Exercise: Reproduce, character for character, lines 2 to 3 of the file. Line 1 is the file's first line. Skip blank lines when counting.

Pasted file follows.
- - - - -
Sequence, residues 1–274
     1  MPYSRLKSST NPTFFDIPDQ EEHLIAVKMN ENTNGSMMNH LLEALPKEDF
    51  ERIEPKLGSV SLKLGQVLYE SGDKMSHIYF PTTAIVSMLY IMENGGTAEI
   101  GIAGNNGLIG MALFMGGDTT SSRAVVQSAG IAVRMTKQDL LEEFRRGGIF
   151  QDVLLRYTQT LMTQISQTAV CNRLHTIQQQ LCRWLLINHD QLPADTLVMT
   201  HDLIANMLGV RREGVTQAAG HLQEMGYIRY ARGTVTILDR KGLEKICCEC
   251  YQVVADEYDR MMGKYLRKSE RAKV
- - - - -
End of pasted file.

     1  MPYSRLKSST NPTFFDIPDQ EEHLIAVKMN ENTNGSMMNH LLEALPKEDF
    51  ERIEPKLGSV SLKLGQVLYE SGDKMSHIYF PTTAIVSMLY IMENGGTAEI